In face to face conversation, however, standard English has become more formalized and expects the listener to follow without extra phatic encouragement.

As a validation exercise, I thought of rewriting a famous text in patois. The text itself is without interest; the trick is rendering it in different ways. Originally published in 1947, Raymond Queneau’s Exercices de style have become the most celebrated example of a writing constraint, where the writer imposes a restriction on the limits of writing. Other examples include texts by Queneau’s disciple, Georges Perec, such as La disparition, which was written without using the letter “e”, and Les revenentes in which the only vowel used is “e”!

The constraint of retelling the same banal story in 99 different styles reveals the incredible potential of language that we use every day without thought. The different versions include telling the story as if in a dream, or in the style of a book blurb or as an offical letter, or simply playing with time, colours, different accents or jargon. Exercices de style was brilliantly translated into English by Barbara Hepworth, who privileged Queneau’s spirit of playfulness over mechanical translation.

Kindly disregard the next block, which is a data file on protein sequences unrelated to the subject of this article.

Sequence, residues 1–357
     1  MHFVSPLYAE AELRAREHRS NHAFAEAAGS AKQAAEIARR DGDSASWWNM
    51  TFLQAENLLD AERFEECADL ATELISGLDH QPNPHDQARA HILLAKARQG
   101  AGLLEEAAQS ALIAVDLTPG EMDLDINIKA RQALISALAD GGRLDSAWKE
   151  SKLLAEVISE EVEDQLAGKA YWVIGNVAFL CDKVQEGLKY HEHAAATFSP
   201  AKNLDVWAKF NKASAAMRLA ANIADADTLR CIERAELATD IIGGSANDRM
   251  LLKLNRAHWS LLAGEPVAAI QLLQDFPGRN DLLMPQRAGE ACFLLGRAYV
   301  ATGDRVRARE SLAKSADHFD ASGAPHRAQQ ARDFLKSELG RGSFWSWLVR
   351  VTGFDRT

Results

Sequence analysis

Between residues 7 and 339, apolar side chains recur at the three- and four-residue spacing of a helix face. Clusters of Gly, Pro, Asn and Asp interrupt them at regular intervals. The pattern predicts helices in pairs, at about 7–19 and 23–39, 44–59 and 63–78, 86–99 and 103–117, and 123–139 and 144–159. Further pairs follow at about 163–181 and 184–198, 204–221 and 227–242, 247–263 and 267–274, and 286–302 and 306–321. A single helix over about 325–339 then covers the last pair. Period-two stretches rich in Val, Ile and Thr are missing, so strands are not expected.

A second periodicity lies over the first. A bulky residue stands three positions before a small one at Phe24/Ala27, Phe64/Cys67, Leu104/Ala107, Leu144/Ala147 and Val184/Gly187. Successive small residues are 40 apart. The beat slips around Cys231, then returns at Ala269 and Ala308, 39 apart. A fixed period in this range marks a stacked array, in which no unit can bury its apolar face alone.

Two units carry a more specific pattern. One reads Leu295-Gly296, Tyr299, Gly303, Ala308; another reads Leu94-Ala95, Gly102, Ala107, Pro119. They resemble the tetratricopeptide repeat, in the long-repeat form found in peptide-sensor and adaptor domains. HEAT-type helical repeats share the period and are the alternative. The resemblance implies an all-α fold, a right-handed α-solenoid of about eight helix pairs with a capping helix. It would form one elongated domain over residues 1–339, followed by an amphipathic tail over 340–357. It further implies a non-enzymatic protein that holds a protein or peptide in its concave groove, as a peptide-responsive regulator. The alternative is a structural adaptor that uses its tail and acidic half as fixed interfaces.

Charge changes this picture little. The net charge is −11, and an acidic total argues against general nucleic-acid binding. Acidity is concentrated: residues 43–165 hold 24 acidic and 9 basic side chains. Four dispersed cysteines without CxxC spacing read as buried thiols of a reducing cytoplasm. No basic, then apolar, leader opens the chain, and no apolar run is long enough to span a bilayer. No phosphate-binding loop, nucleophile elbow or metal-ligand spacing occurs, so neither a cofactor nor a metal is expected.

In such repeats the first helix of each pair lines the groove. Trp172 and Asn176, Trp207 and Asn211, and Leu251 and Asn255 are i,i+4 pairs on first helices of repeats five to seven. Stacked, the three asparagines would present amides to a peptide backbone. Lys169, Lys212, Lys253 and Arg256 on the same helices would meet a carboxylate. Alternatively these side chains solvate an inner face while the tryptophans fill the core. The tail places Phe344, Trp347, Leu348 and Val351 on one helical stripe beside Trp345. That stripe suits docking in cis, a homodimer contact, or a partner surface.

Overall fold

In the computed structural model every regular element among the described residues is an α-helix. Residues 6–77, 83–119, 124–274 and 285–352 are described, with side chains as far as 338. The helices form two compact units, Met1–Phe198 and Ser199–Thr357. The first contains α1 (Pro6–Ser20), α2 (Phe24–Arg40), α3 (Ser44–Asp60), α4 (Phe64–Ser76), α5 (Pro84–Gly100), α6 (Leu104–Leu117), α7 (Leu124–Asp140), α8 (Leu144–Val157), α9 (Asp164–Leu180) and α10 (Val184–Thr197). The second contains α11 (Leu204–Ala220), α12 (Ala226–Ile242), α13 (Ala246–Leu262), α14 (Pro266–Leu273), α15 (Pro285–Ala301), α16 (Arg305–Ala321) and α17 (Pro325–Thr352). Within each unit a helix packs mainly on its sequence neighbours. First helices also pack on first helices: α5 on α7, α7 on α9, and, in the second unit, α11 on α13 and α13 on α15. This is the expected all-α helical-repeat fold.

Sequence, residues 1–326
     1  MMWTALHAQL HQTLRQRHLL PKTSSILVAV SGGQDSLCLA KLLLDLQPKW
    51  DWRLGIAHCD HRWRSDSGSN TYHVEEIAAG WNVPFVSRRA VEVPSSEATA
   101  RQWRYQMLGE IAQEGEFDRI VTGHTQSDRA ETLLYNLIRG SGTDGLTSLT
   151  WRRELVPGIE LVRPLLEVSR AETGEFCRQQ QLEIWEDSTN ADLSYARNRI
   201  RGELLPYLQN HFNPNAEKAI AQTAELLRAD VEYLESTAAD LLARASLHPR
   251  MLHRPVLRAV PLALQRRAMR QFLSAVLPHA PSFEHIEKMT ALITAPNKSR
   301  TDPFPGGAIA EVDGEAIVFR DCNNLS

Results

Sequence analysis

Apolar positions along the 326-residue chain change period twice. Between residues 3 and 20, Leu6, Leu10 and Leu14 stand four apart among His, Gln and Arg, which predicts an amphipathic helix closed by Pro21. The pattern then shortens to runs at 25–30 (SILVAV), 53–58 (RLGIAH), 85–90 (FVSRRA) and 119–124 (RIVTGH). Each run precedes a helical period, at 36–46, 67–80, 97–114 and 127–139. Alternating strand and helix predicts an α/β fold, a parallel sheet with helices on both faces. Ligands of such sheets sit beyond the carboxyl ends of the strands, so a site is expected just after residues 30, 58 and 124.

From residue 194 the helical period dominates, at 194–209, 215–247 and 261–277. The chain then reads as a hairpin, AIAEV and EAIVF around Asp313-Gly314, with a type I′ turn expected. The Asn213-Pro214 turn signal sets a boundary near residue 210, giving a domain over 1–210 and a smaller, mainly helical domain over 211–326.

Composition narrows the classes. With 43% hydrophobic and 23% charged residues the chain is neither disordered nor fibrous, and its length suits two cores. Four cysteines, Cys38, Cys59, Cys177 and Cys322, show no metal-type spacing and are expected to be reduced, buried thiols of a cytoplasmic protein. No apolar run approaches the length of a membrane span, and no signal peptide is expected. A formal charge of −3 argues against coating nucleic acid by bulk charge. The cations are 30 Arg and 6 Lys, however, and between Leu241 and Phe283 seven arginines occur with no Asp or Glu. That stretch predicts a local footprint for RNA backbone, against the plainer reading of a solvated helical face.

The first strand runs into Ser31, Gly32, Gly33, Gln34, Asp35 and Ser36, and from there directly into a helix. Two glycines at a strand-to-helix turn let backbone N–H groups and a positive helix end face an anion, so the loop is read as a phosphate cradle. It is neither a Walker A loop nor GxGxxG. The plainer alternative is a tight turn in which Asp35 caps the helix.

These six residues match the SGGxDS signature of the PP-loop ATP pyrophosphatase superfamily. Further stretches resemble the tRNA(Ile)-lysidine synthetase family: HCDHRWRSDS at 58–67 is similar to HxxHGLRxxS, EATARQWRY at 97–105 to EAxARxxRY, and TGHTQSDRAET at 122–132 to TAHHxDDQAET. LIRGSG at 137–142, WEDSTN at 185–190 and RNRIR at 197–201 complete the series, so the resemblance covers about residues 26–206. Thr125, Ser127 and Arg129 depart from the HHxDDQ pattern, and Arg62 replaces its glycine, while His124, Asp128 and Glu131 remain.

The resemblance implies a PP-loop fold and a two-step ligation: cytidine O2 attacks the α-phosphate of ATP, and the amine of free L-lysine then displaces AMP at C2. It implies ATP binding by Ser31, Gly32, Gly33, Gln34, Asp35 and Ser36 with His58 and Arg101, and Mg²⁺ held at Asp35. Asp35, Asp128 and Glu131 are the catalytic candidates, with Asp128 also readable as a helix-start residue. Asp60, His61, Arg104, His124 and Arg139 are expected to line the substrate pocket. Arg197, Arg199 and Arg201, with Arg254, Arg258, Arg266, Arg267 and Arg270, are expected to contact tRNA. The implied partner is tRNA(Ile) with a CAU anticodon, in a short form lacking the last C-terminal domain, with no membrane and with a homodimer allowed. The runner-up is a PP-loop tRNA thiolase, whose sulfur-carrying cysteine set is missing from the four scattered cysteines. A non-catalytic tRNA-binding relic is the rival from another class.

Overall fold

So here’s the point of this post: a retelling of Queneau’s story in patois. The story in standard English is as follows: the narrator gets in a crowded bus and notices a young man with a long neck wearing a hat with a plait (braid) instead of a ribbon. The young man has a minor altercation with another passenger then quickly retreats to a free seat. Shortly after, the narrator sees the same man in discussion with a friend. The friend tells the young man that he should put the button on his overcoat higher (!). Hardly Hollywood material, but the point is forcing this meagre material into different forms through the power of language.

Here’s my attempt at a patois version: